Also, while universities DO bend over backwards to put in adjustments for students with disabilities, including mental health problems, and the students have their own Disability Office, the adjustments and support put in place for staff with mental health problems is pretty much non-existent. Staff don’t have a Disability Office. While students may have deadlines altered due to mental health difficulties, staff requesting such adjustments are seen as being a burden. The best such staff have is their union and Occupational Health. And, OH are there to protect the university not the staff member. Getting adjustments out of OH is like pulling teeth, and this is largely due to the very unhelpful doctors who work on the service who overrule adjustments that practice nurses’ suggest. If you want adjustments you really need to push for them. And, if you are unhappy with your treatment, you have to speak to your line manager, HR, OH, or your union. There is no one-stop-shop place for staff, such as a staff disability office, unlike students, so having adjustments put in place and making your university abide by them is really up to you.

 

So, yes, we need to do more to support students, but in many case our hands are tied, and even the best service is not going to be on par with what the NHS can provide. All we can realistically do is modify academic work load. On the other hand, staff with mental health difficulties continuously get screwed over and have next to zero support in comparison to what is in place for students. Policies to support students are plentiful in university governance documentation; there is next to none for staff. Count yourself lucky.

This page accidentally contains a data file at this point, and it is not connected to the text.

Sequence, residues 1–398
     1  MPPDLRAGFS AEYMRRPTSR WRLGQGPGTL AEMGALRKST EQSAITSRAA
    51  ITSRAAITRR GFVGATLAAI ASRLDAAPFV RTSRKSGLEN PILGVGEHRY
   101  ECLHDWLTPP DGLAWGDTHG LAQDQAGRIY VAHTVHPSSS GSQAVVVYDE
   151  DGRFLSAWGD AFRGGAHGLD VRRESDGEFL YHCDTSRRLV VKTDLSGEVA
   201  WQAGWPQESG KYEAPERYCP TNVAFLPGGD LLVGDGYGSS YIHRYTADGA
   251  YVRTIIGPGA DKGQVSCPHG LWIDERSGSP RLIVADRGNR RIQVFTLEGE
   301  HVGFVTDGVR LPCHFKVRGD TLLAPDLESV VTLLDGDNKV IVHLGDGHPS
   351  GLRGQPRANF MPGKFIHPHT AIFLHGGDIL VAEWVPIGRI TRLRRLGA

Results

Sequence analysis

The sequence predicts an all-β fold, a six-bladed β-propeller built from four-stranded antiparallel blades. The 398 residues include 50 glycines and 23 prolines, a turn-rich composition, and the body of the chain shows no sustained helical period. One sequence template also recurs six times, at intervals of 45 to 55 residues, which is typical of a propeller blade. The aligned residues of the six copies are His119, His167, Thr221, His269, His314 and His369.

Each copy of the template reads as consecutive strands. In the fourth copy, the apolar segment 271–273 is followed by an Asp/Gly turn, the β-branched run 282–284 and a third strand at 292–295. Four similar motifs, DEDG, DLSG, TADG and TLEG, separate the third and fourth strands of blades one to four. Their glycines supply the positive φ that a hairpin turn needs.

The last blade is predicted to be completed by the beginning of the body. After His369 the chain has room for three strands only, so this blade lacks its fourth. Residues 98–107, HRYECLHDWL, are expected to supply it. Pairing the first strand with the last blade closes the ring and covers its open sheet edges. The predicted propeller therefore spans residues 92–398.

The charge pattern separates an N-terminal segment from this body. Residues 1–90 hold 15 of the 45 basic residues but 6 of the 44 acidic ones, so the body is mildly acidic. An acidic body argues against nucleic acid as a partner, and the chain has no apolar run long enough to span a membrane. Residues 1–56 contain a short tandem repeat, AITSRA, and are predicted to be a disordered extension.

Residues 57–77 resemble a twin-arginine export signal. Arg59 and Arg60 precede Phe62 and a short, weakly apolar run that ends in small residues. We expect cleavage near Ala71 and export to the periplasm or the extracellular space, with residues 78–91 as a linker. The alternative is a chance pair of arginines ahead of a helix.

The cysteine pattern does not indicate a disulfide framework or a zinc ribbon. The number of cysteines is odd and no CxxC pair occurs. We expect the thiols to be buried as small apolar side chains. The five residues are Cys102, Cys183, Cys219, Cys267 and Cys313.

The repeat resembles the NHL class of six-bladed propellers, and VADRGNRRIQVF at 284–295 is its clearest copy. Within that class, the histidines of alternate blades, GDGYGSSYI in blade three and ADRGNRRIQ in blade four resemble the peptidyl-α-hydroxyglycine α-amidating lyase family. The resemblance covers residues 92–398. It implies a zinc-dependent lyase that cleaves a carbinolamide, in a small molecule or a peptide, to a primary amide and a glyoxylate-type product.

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Remove the basic from the basic/applied research cycle and all you have is a shit on a stick

*DONG*

*DONG*

It feels like the death knell of basic research.

Certainly in Science and Social Science.

If you’re in either of these disciplines have you tried recently to get funding for a PhD studentship for basic research?

ESRC have been known to bounce grant applications because “they don’t fund basic research any more”. And that was the office staff! The dreaded Impact Statement is screwing everyone.

So, you’d think University Studentships would fill the gap?

Wrong! Wrong! The money’s gone! Gone  to the Business School, gone on a proposed patent, gone to business and industry involvement, gone to social policy advisement with the government, gone to “user involvement”.

I tell you, on your own heads be it, Universities. In ten years, when you need basic researchers to run your labs and train students in basic skills because business and industry need graduates with these basic skills there won’t be any academics with the expertise. We’ll be a country of applied researchers and the knowledge base will have atrophied.

The problem is that Universities are so parochial. They don’t realise that really good applied research doesn’t materialise out of nowhere. It comes from basic research. You need the basic research to identify the parameters first before applied research can take it on and field test it. Otherwise, it’s a sheep dog out in the field with torch looking for it’s flock in the dark.